The Federal Statistical Office (Destatis) released a report on Tuesday showing that the number of people in Germany coming from an immigrant background increased by 8.5 percent between 2015 and 2016, reaching about 18.6 million people.
The increase of nearly 9 percent was a record high itself since 2005 when such figures were first recorded, as was the size of the population. And that means more than one in five (22.5 percent) people in Germany are either immigrants themselves, or have at least one immigrant parent.
Destatis attributed the rise to the large amount of immigration into the country in recent years. Between 2014 and 2015 – the most recent years for which figures are available – the country saw a new high of 2.14 million people move to Germany, including many asylum seekers. About 45 percent came from other EU countries.
Based on a microcensus of the population, the Destatis report for 2016 showed that 2.3 million people in Germany have Middle Eastern heritage – an increase of 51 percent since 2011. The number of people with African roots also increased dramatically by 46 percent since 2011, reaching 740,000 people.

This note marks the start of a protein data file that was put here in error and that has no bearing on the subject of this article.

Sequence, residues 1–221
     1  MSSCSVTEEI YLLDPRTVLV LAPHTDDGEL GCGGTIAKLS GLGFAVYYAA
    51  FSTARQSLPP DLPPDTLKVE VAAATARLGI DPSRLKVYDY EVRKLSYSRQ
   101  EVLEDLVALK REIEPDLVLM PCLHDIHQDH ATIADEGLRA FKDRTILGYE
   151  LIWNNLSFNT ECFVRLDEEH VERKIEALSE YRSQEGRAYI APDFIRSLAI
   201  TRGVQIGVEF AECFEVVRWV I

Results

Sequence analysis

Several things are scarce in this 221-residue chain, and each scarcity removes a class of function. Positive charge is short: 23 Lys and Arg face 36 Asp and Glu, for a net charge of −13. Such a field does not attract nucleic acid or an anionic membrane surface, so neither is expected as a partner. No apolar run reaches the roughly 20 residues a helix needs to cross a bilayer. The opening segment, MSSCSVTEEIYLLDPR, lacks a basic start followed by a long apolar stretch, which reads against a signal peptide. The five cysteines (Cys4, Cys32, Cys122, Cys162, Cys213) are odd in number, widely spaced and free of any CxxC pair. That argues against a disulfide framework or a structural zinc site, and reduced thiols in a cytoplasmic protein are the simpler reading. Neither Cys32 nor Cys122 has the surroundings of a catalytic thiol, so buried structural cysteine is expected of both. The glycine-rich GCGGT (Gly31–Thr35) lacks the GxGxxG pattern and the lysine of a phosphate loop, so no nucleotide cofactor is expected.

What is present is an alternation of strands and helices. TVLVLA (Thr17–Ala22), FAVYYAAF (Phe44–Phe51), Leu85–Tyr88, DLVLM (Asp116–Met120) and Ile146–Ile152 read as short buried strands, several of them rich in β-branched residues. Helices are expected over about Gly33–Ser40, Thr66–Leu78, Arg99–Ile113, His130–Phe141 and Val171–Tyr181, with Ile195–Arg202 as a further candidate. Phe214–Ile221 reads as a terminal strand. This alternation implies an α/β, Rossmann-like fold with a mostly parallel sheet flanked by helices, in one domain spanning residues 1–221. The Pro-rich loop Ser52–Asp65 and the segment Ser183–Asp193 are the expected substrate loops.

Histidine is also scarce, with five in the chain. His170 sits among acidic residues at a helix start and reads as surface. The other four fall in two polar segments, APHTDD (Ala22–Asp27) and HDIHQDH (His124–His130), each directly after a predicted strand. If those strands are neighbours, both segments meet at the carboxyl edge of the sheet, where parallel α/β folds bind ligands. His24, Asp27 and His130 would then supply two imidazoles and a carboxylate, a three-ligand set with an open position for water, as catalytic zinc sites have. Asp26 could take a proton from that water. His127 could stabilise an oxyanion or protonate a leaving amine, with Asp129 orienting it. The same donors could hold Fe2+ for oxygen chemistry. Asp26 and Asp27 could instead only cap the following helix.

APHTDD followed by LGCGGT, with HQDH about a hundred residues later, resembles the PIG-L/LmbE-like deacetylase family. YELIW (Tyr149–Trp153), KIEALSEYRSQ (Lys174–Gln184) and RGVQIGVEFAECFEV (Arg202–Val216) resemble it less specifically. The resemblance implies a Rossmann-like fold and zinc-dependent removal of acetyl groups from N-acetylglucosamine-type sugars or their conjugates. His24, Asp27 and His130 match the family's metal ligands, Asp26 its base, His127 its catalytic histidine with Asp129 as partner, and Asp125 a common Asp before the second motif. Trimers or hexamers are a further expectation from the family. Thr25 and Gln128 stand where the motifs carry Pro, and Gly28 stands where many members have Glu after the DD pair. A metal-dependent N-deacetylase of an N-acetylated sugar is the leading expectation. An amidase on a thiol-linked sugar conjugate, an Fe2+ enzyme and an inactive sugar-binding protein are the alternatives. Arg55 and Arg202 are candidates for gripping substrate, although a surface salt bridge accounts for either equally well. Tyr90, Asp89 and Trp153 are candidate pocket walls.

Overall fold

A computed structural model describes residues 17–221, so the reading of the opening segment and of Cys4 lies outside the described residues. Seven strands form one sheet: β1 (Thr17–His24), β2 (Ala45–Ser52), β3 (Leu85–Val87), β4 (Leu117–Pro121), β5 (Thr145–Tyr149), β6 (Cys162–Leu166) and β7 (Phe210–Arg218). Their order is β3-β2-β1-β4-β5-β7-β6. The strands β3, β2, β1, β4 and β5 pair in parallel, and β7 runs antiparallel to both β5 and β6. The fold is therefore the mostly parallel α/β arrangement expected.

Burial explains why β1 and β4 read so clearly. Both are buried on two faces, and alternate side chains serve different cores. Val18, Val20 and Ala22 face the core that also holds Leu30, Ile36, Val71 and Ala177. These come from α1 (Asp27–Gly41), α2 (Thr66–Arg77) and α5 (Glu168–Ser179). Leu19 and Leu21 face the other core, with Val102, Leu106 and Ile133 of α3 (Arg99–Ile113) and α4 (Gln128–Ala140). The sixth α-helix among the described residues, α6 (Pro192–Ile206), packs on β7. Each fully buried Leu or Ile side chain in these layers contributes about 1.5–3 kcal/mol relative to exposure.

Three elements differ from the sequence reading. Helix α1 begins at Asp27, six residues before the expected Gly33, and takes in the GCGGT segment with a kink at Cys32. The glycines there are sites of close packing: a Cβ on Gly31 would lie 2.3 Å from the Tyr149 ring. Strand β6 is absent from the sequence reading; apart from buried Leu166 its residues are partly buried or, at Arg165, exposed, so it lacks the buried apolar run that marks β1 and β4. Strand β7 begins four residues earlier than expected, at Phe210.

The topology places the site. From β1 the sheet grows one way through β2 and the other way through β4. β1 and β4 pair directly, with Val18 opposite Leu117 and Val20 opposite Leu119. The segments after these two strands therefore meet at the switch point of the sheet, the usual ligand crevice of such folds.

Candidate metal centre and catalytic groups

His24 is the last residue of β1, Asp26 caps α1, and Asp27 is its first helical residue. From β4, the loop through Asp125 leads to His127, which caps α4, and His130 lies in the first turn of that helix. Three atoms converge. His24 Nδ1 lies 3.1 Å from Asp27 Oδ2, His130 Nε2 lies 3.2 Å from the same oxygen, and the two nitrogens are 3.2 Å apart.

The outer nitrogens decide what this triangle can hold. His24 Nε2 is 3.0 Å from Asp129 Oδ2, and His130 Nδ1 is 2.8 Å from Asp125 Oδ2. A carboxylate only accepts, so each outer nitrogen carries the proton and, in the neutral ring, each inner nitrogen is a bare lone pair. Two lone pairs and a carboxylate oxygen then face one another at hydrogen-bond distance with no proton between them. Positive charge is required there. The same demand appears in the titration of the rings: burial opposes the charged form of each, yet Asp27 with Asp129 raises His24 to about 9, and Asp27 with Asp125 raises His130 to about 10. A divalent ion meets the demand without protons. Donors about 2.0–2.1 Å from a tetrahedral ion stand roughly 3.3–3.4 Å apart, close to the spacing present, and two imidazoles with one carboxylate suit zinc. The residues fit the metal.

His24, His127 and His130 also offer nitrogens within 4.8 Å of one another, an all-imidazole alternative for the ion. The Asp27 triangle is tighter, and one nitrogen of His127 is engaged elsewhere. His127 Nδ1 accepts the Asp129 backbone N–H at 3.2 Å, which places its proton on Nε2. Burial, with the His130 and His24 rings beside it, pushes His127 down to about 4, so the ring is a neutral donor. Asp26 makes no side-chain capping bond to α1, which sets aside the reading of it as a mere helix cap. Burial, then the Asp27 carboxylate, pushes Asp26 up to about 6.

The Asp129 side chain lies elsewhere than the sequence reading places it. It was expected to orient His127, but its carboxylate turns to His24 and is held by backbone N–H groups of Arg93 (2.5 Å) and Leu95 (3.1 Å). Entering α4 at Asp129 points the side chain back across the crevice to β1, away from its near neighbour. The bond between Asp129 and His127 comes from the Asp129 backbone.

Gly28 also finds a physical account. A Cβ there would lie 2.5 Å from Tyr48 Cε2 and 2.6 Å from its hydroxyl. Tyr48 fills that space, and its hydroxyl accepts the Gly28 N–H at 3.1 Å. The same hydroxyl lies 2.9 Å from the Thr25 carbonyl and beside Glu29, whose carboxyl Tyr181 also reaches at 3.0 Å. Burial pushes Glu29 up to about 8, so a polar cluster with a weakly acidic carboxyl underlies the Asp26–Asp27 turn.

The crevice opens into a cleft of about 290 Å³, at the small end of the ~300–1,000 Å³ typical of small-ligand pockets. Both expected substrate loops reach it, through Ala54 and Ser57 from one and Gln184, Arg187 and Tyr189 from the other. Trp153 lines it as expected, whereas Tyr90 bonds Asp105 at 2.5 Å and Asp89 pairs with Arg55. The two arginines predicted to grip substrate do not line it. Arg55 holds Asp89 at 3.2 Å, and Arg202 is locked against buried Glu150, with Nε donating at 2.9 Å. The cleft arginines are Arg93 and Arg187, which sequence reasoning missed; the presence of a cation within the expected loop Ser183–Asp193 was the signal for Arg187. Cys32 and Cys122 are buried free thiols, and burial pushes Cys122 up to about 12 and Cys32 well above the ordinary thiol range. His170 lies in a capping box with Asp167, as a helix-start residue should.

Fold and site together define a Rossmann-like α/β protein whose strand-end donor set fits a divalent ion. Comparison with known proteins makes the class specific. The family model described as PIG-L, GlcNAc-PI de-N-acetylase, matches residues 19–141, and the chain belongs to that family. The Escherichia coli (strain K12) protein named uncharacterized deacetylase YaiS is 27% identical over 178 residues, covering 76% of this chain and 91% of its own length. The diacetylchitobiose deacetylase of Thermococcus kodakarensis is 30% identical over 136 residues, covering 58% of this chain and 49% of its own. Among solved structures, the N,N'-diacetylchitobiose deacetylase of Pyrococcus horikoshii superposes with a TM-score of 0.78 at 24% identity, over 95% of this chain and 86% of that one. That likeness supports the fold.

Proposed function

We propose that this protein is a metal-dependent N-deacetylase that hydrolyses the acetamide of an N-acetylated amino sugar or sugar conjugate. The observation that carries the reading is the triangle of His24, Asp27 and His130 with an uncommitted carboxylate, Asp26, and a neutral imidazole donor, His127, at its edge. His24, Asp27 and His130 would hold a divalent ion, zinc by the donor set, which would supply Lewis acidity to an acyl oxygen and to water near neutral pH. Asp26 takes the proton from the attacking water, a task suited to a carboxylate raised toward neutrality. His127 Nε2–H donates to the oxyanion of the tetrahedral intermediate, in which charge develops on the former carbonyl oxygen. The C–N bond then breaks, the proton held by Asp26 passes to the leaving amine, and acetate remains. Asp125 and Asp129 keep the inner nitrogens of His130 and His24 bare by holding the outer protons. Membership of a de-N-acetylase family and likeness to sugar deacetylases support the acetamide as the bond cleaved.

Slightly more than half (52 percent) of those with immigrant backgrounds have German citizenship. The largest portion of those with German passports obtained citizenship at birth (42 percent). Another 33 percent were themselves ethnic Germans who resettled in the country, while one-fourth became naturalized citizens.
The report further looked at the achievement gap between those with immigrant backgrounds and those without. For example, 9 percent of those with immigrant heritage had no high school or secondary school qualification, compared to 2 percent of the population without immigrant roots.
Those from immigrant backgrounds also were significantly less likely to have no vocational degree: 32 percent compared to 9 percent of the non-immigrant population.
The achievement gap narrows when it comes to the rate of obtaining an academic degree, with roughly 37 percent from both immigrant and non-immigrant groups completing a university entrance qualification (Abitur) and about 27 percent obtaining academic degrees.
Among those with immigrant backgrounds, people who were not born in Germany disproportionately had no vocational qualification (33 percent). But at the same time, an above average percentage of those not born in the country completed the Abitur (39 percent) and also more often had academic degrees (29 percent).